Delegated Service Authority: Institutional Evolution of PEPFAR Health-Based Program Implementing Units in Tanzania

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The critical development literature examines donor interventions' institutions and institutional impact. Donor agencies examine specific intervention mechanisms to improve intervention effectiveness or conformity with given development trends. Both literatures insufficiently address the potential evolution of program implementing units (PIUs) deployed by donor agencies according to the units' respective technical capacities. This article assesses PIU evolution using specific units contracted under the United States Government's PEPFAR program in Tanzania. These units evolved in their respective operational space that exists in the interactions between three stakeholder categories: (1) the contracting agency of PEPFAR; (2) relevant Tanzanian national public institutions; and (3) local Tanzanian authorities responsible for HIV/AIDS or health service delivery. This article examines how stakeholders' delegation of authority to PIUs for technical management and/or implementation of HIV/AIDS prevention and treatment services drive the units' institutional evolution. This evolution is ongoing given iterative PIU-stakeholder interaction expanding units' services along with delegated authority. In the Tanzanian case, evolved PIUs became essential to the national health system with few institutions able to re-assume the units' services or delegated authority. They also fostered a new domestic technocracy with transnational network connections to the global public health epistemic community offering new policy platform voice and exit opportunities.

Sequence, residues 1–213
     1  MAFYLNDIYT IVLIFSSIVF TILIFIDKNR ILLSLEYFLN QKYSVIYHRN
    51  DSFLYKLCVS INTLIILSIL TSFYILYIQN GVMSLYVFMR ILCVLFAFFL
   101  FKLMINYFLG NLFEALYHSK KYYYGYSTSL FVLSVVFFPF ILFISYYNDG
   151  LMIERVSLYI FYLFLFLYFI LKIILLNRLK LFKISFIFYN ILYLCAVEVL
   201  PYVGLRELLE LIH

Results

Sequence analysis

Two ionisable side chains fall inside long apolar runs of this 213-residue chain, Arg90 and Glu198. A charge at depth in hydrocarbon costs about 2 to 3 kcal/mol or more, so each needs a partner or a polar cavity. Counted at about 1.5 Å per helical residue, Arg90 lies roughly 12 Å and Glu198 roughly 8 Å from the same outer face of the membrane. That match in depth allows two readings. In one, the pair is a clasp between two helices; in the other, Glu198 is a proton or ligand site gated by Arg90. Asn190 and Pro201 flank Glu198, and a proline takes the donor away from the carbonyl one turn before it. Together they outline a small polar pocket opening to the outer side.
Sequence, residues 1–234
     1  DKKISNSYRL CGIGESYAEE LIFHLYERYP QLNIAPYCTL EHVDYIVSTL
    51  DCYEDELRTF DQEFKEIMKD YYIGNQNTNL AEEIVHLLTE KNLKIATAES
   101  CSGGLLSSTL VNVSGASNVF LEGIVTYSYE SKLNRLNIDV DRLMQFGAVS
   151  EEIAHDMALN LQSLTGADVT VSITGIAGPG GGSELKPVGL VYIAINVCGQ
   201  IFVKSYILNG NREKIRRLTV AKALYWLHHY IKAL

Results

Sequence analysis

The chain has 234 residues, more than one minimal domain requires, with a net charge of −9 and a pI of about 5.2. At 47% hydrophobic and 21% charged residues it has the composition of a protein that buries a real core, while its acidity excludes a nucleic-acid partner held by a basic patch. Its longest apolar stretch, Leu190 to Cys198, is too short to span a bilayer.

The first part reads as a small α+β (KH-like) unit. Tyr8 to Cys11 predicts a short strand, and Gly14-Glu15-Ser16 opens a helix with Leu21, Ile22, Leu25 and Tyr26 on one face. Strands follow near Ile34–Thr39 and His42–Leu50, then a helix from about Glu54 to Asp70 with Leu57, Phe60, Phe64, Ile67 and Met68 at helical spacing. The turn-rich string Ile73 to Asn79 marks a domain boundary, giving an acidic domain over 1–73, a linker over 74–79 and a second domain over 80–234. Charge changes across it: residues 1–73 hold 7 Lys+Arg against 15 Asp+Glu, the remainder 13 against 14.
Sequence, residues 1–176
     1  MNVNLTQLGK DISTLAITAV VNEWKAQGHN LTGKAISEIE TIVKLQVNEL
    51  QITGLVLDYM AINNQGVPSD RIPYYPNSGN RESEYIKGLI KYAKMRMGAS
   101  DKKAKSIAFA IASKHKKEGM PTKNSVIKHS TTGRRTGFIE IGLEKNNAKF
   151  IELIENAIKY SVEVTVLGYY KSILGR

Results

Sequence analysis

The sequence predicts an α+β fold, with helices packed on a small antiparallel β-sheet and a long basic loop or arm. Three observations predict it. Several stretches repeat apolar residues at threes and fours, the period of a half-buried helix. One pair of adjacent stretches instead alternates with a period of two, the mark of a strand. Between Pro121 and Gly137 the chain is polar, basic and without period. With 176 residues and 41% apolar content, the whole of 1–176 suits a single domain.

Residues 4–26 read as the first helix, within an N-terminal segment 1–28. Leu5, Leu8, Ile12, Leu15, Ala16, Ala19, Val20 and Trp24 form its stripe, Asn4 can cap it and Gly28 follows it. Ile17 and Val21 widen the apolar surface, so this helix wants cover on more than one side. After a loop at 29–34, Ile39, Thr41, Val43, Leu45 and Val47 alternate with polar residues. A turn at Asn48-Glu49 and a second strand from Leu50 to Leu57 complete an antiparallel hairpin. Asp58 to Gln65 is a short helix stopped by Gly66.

Policy Implications

  • Identify PIUs' unique institutional identity in recipient country contexts apart from the donor agencies contracting them and the recipient countries or institutions receiving their given technical support.
  • Expand the scope of research questions regarding the deployment of program implementing units (PIU) in development interventions to better reflect their operational space, inter-stakeholder interaction, and authority in recipient country contexts.
  • Define processes of multi-stakeholder authority delegation by donor agencies and recipient country institutions to PIUs and the iterative effects of that delegation over time.
  • Qualify the ability of stakeholders, delegating authority to PIUs or other institutions to assume services managed or implemented by the units as well as the authority for the execution of those services.
  • Understand PIU-related changes in recipient country health systems in terms of new hierarchy and epistemic communities.
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